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Regulatory Sanctions

Broker Pays for Inadvertently Sharing Nonpublic Personal Info

November 27, 2017

by Howard Haykin


An experienced broker, one with an enviable disciplinary history, thought he had crossed all the t’s and dotted all the i’s while grooming his planned successor. He made one inadvertent mistake.


Stephen Salm agreed to $5K fine and a 10-day suspension to settle FINRA charges that he sent emails containing customers’ nonpublic personal information to a non-affiliated third party - a broker at another member firm - without the customers’ knowledge or consent.


BACKGROUND.    Salm, a resident of Carlsbad, CA, has 28 years’ experiences with 7 firms. Since January 2014, he’s been associated with Lombard Securities, serving as a registered rep. He had no prior relevant disciplinary history.


FINRA FINDINGS.    SEC Regulation S-P prohibits member firms from disclosing '*nonpublic personal information” about a customer to a non-affiliated third party unless the customer receives notice and an opportunity to opt out. Information is considered to be “nonpublic personal information" if it contains personally identifiable financial information about one or more consumers, including:


  • information a consumer provides to a broker-dealer to obtain a financial product or service;
  • information about a consumer resulting from any transaction involving a financial product or service between a broker-dealer and a consumer; or,
  • information a broker-dealer otherwise obtains about a consumer in connection with providing a financial product or service to that consumer.


Between July 2015 and January 2016, Salm sent emails containing customers nonpublic personal information to a non-affiliated third party - a broker at another FINRA member firm - without the customers' knowledge or consent. In doing so, Salm apparently caused Lombard Securities to be in violation of Regulation S-P.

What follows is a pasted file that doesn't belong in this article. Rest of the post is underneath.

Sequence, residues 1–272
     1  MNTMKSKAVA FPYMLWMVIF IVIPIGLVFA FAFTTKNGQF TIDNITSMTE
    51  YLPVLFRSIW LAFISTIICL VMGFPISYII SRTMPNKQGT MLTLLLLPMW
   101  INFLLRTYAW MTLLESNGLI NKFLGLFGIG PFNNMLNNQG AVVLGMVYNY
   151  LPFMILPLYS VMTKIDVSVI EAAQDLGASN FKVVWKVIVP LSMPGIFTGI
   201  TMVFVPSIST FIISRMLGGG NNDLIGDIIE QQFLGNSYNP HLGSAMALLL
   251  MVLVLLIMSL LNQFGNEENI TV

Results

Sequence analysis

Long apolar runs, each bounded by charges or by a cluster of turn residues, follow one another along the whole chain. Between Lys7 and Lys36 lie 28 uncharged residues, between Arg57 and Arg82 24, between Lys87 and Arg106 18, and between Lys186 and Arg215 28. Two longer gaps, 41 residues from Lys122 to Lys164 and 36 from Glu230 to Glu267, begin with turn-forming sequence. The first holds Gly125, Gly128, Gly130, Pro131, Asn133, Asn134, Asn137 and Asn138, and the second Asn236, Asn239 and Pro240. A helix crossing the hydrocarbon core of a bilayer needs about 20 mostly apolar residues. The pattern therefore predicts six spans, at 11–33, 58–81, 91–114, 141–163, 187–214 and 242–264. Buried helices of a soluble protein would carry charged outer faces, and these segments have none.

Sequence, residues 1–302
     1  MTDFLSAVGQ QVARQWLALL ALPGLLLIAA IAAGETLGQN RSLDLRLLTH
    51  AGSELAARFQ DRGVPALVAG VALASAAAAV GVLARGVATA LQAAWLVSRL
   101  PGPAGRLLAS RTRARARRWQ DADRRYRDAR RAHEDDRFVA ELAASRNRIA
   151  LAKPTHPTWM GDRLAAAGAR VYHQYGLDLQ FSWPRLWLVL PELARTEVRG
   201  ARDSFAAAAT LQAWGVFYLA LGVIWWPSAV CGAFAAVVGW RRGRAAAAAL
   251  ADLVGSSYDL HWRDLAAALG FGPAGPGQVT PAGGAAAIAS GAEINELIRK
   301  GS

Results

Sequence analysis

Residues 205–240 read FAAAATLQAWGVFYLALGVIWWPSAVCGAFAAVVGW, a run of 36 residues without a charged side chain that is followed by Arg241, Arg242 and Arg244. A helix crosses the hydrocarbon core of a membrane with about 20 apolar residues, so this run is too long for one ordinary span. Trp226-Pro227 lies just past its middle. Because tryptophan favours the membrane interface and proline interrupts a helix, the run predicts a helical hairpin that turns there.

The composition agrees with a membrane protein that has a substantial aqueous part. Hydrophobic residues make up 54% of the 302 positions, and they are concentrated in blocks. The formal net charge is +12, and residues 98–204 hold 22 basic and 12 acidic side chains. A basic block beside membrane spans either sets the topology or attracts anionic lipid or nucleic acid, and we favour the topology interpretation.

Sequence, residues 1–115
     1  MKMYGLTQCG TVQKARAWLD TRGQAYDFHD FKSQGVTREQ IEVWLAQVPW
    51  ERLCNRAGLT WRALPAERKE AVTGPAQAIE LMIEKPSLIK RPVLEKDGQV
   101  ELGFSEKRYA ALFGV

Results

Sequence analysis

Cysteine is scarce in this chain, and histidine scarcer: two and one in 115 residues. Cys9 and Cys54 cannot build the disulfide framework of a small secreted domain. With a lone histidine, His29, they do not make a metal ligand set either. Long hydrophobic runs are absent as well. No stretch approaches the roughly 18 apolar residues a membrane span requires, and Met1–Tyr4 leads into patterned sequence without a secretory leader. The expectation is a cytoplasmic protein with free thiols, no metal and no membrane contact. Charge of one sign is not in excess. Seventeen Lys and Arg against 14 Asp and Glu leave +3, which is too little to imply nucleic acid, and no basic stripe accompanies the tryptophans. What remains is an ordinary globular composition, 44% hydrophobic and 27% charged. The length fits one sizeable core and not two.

Mr. Salm offered the following explaining on FINRA BrokerCheck:


I did violate the privacy rule by inadvertently sharing customer account numbers with my planned successor, who is a financial advisor at another firm, as I was training her and familiarizing her with my clients. Clients were advised that I intended to share their financial information with my planned successor and were given the opportunity to withhold their permission for this. No one withheld their permission.


FINANCIALISH TAKE AWAYS.    Lombard Securities, a Baltimore, MD-based broker-dealer with a relatively clean disciplinary history, maintains a nationwide independent broker network. That would explain why Mr. Salm was able to transition his client base to a financial adviser at another firm – without apparently “ruffling the feathers” of his broker-dealer. And he's still associated with that firm.


That said, Mr. Salm’s planned succession, along with those contemplated by other indie brokers, involve a lot of moving parts. And they’re fraught with a lot of rules and regulations, which can trip up the most cautious of brokers. So, while Mr. Salm was hit with relatively minor sanctions, he still incurred financial and (perhaps) reputational costs, which might have been avoided had he perhaps worked (more closely) with compliance officers at Lombard Securities.


As such, this case offers practical advice to any financial advisors who plan similar moves within the framework of an independent broker network. LEARN FROM OTHERS' MISTAKES.


This case was reported in FINRA Disciplinary Actions for October 2017.

For details on this case, go to ...  FINRA Disciplinary Actions Online, and refer to Case #2016047661701.